The proposal for a Travelodge on the former Robin Hood Hotel site in Newark looks far too modern for the adjoining buildings on the other corners of Albert Street, Lombard Street and Cartergate, and is out of keeping with the main buildings in the town.

When the main Robin Hood building was demolished the powers-that-be failed to take any apparent action to preserve and consolidate the three Grade II townhouses, and thus they have become an eyesore at this gateway into the main part of Newark.

But if they are so important why didn’t the Nottinghamshire Preservation Trust, and others of a like mind, not do something at that time?
 
Hospital support
— FRANCIS TOWNDROW, chairman, Say Yes To Newark Hospital.
In September 2015 the Advertiser reported that many Newark patients taken by ambulances experienced long handover delays at King’s Mill and Lincoln hospitals before being treated.

It was reported that more than 70% of patients from the Newark NG24 postcode had waited longer than the 15- minute target time to be seen, and some more than two hours.

The figures were obtained by the Say Yes To Newark Hospital campaign group under the Freedom of Information Act.
Moving farewell
— ERNEST and ELAINE PEGG,Whetstone, Leicester.
We would like to thank all the people of Bentinck Road, Newark, for the lovely street party held on July 3 to mark our lmove from the street.

It was a wonderful surprise and we enjoyed it immensely.

We have moved to be nearer our family but Newark, and the people of Bentinck Road in particular, will always be in our hearts.
Art on show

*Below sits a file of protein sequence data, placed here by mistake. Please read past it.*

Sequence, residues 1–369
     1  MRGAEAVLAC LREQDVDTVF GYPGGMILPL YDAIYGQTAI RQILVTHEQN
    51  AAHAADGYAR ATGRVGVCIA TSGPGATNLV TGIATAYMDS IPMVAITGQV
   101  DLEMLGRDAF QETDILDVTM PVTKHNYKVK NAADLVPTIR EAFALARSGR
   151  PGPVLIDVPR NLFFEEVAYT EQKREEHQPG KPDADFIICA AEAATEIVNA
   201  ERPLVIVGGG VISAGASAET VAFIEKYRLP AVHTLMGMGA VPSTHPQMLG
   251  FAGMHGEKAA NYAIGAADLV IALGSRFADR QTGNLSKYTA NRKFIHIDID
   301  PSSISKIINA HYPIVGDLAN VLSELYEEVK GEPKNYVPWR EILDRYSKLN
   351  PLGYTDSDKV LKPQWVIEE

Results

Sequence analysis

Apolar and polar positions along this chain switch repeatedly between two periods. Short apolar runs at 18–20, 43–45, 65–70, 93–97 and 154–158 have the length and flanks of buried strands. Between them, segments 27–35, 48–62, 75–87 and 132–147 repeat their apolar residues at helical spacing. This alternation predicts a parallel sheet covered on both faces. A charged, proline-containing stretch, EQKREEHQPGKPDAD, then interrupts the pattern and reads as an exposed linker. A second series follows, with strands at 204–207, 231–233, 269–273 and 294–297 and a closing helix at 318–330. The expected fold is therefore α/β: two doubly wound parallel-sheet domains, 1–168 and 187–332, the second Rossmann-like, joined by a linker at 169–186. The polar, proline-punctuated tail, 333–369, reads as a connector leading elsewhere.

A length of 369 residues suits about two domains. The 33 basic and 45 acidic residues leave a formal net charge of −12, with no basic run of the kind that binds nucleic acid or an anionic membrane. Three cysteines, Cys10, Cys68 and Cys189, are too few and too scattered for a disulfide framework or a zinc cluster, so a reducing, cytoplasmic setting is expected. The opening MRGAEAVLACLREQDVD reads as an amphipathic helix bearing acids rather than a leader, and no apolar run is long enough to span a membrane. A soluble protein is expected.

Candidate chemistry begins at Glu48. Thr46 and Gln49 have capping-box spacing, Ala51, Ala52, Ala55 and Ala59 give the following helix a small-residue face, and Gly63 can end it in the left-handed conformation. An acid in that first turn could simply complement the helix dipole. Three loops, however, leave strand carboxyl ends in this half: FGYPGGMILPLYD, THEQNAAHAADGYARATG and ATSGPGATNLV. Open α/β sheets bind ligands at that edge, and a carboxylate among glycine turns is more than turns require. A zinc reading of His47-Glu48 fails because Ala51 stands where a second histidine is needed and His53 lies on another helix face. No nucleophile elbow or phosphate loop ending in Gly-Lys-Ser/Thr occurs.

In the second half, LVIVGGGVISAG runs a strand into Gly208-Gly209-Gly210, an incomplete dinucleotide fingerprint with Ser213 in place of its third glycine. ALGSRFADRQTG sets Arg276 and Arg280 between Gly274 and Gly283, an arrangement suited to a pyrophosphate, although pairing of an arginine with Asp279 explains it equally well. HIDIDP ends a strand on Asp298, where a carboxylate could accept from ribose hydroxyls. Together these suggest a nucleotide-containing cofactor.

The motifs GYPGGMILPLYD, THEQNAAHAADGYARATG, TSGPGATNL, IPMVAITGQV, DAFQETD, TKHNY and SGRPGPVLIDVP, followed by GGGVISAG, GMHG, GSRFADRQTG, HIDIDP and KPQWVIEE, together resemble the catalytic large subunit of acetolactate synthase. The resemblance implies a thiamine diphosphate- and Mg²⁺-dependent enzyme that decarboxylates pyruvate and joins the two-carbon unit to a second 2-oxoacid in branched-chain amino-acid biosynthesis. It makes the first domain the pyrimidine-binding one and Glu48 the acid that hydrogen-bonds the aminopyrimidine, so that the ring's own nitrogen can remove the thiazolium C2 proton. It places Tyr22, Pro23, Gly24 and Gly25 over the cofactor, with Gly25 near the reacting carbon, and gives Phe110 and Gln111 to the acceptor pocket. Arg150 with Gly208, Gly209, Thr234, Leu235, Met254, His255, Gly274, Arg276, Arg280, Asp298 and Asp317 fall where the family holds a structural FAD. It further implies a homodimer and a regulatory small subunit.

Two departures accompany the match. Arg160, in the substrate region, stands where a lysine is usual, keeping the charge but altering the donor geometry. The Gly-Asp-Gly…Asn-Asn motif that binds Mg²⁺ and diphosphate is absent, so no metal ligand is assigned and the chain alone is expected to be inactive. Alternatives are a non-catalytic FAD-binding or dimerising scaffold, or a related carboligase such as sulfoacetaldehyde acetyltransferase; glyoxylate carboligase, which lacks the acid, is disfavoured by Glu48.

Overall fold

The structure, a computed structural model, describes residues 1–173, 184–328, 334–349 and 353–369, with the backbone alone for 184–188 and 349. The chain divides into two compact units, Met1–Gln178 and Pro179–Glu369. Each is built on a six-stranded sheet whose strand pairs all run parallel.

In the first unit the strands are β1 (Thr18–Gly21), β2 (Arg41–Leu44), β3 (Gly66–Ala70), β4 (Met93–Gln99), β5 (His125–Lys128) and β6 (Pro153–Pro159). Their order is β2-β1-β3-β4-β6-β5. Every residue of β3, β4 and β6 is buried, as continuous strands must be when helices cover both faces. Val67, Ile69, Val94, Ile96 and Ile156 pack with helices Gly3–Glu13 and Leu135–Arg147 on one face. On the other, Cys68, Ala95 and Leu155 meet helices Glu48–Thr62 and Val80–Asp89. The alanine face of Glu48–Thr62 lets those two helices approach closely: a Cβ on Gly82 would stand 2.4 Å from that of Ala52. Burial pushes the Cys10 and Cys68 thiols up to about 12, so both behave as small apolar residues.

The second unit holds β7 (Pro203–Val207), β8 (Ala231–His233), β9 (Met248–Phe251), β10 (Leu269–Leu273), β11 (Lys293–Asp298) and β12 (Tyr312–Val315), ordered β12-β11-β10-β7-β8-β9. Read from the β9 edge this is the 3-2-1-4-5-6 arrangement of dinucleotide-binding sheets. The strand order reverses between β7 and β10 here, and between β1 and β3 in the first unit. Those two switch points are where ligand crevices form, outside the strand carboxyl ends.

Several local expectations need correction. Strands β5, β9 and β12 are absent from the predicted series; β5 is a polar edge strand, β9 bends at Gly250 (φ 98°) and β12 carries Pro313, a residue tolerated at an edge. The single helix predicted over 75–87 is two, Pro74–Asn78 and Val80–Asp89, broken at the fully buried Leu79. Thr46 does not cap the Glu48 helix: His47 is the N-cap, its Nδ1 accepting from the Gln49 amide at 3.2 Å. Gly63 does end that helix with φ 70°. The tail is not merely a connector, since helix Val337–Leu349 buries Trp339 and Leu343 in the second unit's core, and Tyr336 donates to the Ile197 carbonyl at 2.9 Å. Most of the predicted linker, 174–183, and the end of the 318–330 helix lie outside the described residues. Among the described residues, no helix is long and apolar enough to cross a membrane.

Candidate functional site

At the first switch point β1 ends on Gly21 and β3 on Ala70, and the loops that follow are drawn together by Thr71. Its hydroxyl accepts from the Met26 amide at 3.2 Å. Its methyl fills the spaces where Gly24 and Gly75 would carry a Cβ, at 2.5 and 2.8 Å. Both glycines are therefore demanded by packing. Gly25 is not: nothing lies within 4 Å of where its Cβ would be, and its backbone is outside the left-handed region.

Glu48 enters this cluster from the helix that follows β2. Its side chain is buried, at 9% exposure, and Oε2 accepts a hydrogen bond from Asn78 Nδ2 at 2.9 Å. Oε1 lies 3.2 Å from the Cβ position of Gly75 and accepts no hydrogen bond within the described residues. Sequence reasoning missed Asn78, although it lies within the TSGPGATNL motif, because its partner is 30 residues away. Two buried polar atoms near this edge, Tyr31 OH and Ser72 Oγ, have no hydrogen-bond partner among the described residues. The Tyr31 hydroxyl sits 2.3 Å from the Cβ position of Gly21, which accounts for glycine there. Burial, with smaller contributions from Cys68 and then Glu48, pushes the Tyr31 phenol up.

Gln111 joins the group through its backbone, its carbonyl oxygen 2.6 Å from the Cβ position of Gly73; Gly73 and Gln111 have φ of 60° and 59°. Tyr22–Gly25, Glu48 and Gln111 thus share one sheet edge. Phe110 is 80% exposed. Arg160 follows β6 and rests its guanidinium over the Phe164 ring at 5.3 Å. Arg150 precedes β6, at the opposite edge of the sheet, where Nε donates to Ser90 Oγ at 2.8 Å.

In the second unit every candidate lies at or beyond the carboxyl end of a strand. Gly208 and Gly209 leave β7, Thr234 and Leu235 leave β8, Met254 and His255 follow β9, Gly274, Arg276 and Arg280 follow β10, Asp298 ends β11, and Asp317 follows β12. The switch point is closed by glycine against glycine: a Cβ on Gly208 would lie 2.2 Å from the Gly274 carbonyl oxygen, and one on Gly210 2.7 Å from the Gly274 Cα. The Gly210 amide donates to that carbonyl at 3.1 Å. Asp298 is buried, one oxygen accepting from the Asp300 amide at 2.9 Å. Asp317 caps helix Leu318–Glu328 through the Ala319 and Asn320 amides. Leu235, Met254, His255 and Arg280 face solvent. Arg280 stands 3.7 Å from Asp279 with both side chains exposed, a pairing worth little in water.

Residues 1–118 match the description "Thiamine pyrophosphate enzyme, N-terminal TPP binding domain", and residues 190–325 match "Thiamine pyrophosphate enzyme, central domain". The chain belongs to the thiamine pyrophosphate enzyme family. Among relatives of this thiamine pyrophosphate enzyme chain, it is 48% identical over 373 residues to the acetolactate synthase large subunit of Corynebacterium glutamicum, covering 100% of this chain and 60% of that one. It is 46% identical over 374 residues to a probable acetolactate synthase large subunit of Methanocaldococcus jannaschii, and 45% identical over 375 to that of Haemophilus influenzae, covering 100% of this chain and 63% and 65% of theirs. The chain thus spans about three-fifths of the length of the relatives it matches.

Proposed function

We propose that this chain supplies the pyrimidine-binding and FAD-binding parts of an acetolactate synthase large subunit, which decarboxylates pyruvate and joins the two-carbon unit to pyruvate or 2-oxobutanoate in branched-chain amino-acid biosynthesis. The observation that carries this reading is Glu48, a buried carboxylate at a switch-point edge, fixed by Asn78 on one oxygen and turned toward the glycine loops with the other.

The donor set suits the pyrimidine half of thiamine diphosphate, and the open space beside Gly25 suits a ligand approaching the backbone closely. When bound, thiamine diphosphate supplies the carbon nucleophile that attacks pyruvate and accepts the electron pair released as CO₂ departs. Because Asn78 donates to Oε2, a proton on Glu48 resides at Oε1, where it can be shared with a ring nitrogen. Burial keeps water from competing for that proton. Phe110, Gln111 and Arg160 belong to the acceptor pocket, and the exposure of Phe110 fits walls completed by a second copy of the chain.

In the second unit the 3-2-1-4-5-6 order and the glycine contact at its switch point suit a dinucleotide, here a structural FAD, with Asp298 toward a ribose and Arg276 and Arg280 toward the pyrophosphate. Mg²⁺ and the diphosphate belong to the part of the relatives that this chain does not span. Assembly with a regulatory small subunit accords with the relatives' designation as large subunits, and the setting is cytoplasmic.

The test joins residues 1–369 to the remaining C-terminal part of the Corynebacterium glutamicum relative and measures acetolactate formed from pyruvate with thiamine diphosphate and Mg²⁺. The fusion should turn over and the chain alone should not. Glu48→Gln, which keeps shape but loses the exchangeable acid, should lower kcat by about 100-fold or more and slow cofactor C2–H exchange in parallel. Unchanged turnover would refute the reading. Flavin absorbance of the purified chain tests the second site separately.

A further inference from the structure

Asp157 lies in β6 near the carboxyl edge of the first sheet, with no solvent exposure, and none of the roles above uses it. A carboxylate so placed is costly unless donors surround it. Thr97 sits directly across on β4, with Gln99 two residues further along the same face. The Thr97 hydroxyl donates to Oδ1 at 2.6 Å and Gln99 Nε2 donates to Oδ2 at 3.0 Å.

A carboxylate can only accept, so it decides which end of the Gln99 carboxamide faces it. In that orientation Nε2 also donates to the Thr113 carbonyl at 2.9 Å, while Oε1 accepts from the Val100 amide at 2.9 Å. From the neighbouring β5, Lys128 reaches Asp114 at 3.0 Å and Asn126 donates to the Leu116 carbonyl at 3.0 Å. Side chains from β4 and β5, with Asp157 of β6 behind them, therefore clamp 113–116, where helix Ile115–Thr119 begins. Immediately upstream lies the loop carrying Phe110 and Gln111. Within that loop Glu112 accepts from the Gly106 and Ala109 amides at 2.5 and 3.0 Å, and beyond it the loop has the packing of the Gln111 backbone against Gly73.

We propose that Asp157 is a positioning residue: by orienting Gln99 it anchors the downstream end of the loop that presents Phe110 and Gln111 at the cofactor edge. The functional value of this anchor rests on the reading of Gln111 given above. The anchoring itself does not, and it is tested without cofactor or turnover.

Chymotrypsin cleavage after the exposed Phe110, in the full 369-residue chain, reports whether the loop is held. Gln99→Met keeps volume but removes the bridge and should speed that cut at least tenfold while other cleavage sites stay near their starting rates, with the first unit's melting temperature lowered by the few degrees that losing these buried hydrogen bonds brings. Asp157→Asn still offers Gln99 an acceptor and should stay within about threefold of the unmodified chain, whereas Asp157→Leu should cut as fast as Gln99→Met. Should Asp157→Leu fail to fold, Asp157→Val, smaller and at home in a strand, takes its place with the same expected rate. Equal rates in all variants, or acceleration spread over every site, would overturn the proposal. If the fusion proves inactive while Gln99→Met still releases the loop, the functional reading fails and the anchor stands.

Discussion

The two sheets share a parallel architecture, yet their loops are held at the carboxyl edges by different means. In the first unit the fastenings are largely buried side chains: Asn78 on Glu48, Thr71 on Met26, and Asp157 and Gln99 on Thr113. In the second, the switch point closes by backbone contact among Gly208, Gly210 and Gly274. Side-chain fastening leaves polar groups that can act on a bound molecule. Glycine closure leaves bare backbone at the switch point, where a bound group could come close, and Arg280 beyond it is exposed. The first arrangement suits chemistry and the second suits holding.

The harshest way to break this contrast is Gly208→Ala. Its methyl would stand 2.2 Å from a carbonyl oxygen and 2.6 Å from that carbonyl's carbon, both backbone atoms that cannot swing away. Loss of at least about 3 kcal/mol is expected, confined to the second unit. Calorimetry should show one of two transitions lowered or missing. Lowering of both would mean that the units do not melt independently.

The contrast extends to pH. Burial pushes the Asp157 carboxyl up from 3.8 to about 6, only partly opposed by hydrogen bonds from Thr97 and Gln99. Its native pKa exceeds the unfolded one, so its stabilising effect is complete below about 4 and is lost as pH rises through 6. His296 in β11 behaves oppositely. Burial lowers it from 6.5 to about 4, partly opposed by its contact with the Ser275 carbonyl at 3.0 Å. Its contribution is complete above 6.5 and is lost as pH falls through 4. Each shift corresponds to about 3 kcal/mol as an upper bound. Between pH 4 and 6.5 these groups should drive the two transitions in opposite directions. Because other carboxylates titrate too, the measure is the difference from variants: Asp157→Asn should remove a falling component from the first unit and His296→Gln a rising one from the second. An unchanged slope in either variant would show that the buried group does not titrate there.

­— YVONNE and PAUL SPRECKLEY, Farn-don (Full address supplied).
On July 1 we went to Newark College to see an art and design exhibition put on by 15 students there.

All 15 will be going to either universities or colleges to further their chosen careers.

We were very impressed with the high standard of work on display and wish them all good luck in the future.
Memories of war
­— D. A. ROY, Bailey Road, Newark.
I would like to thank the Advertiser, on behalf of the Balderton branch of the Royal British Legion, for its coverage leading up to the 100th anniversary of the first day of the Battle of the Somme.

I was in the Army for six years ­— I was in Africa for 2½ years and had two years in Malaysia, but that was a holiday compared with what they had to endure in the first world war.

My father was at the Somme, a week after the first engagement. He was injured and sur-vived, and then gassed at Ypres, but he lived to 83 years-old.
Uplifting words
— KIRSTY ADLARD, Eastern Court, Newark.
The Credo column (Don’t Let Weather Dampen Your Spirits, Advertiser, July 7) really lifted my spirits.

Having returned from a very wet holiday in Cumbria with a cough and cold, and losing a sentimentally valuable necklace and a new cheque book, I was in, as Fran Yates aptly described it, a glum mood.

Her caring, down-to-earth, words cheered me considerably and I do thank both her and the Advertiser for expressing them.